Earlier this week, the government introduced a new Investigatory Powers bill, which requires Internet Service Providers to keep a record of the internet activity of everyone in Britain, as well as cracking down on encryption and increasing government surveillance.
The initial reaction from industry professionals was mixed, but a new survey from Swiss data bank Artmotion has found that a massive 87 per cent of IT leaders disagree with the government's plan to reduce the strength of data encryption.
The research, which questioned 500 IT decision makers across the UK, also found that only 13 per cent believe the government's plans are "sensible" and 60 per cent claimed that they would not trust the government with the security of their private information.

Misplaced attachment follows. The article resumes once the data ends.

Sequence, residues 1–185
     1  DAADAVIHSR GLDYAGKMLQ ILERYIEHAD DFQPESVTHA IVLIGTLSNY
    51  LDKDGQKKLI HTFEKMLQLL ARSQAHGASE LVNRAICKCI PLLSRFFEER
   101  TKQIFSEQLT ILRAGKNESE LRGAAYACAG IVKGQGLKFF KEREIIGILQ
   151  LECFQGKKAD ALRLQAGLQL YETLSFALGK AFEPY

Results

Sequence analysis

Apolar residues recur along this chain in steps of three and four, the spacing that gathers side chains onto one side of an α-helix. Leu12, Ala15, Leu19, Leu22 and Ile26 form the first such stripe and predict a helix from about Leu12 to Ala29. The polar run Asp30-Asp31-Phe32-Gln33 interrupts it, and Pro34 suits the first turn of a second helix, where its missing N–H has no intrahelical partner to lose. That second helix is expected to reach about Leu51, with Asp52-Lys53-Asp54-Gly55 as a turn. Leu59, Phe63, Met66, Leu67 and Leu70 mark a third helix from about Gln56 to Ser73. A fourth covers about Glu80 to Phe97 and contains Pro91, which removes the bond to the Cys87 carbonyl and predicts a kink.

Interestingly, one in five respondents would not support any reduction in encryption technology, even for the sake of national security.
Mateo Meier, CEO of Artmotion said, “Our research highlights a growing unease amongst the IT community that the UK government is placing unspecified threats to national security ahead of the genuine risk of cyber attacks. While it’s good to see that the government has dropped its ill-conceived plans to ban encryption entirely, this updated “Snoopers’ Charter” does little to reassure the tech community.
“We live in an age where teenagers are capable of bringing down established brand names with nothing more than a laptop, and yet the government continues to release ham-fisted legislation that will do little more than drive businesses away from the UK while simultaneously opening the nation to further potential cyber attacks.”